Functionally Characterized Human PBMCs: An Improved In Vitro Model of Human Immune ResponseJun 30, 2016 at 12:00 PM ET
Human Peripheral Blood Mononuclear Cells (PBMCs) contain many of the functional cell types of immune system, and are an ideal model to study the human immune response in vitro. Currently, PBMCs are being used in basic and clinical research areas including basic immunology and cell biology, infectious diseases, vaccine development, tumor immunology, and drug discovery. PBMC are also widely used for monitoring disease progression, designing personalized approaches to treatment, and predicting the occurrence of treatment-associated adverse events. The majority of PBMC applications rely on highly complex cell-based assays; however, phenotypic and functional variability of human PBMCs makes the development and validation of these assays difficult. Additionally, variations in cell collection and cryopreservation protocols can further affect PBMC properties. In this presentation, we demonstrate that pre-screening characterization of lot-specific functional activity of PBMCs is extremely useful for selecting cells to address individual experimental goals.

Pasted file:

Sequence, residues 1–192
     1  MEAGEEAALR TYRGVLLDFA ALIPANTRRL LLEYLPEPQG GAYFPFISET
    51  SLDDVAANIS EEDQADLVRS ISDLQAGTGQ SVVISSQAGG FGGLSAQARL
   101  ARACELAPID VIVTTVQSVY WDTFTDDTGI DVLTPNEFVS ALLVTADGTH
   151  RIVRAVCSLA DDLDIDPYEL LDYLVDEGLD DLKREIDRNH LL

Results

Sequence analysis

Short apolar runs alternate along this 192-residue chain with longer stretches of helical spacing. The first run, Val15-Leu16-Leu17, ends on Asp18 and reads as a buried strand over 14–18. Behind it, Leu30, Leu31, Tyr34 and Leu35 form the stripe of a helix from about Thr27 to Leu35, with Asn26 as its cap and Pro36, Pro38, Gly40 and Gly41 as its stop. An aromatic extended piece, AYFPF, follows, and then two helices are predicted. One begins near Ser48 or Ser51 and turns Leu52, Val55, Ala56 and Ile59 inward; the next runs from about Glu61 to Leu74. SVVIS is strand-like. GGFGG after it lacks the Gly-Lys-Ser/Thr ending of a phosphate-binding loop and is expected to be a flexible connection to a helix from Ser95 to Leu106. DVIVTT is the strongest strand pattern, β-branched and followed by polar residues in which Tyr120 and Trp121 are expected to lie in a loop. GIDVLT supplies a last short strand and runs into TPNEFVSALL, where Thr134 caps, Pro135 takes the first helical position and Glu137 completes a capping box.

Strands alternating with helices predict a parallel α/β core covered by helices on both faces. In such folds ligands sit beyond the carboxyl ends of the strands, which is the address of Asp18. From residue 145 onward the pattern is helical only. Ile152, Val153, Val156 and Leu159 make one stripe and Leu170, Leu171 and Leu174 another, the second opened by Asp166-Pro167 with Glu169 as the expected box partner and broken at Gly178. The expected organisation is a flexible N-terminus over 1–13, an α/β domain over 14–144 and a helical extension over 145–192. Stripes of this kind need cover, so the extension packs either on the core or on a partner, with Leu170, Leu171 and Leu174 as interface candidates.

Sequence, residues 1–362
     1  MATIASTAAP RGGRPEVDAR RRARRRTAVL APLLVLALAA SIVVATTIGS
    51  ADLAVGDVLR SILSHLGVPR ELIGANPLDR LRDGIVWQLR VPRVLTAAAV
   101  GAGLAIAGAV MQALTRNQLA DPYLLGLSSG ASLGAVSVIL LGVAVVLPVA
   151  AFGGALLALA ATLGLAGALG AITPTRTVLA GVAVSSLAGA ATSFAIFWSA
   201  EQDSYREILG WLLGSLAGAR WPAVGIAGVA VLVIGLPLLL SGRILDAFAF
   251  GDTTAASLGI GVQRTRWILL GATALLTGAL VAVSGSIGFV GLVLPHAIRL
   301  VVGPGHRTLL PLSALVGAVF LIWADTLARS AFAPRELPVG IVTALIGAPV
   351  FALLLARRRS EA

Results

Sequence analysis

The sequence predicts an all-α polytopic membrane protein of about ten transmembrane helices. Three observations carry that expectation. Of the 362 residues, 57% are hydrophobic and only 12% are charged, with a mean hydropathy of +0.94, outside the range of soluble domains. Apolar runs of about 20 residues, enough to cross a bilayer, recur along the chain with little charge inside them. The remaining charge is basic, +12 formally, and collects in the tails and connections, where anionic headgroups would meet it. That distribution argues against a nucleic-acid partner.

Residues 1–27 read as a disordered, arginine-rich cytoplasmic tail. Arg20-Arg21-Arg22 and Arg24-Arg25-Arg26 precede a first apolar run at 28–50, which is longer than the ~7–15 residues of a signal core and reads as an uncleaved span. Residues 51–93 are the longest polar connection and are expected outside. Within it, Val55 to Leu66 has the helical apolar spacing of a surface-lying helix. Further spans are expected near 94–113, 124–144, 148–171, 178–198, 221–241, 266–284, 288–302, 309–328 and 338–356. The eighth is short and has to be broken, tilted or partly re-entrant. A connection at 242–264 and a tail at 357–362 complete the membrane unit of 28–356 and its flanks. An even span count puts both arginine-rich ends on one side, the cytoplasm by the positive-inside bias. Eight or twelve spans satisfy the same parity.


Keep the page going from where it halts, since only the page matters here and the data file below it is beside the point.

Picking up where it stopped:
- PBMCs play a critical role in modern biomedical research; however, the functional activity of these cells is highly variable
- Many factors affecting PBMC variability, including genetic diversity and environmental pressure, are outside of researchers’ control
- Conducting pre-screening and establishing PBMC functional activity profiles offers an attractive solution to address PBMC variability
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Alexei Miagkov, PhD
Senior Scientist, Immunology, ATCC
Alexei Miagkov leads the Tumor Immunology group at ATCC Cell Systems. Prior to joining ATCC, Dr. Miagkov served as the Scientific Program Manager at PerkinElmer, where he was responsible for the design, validation, and implementation of assays intended for preclinical studies in oncology and inflammatory diseases. He also held progressing scientific roles at Caliper Life Sciences and NovaScreen Biosciences. Dr. Miagkov completed a post-doctoral fellowship in neuro-immunology at Johns Hopkins University, and earned his Ph.D. in cell biology and M.S. in cellular immunology and microbiology from Moscow State University.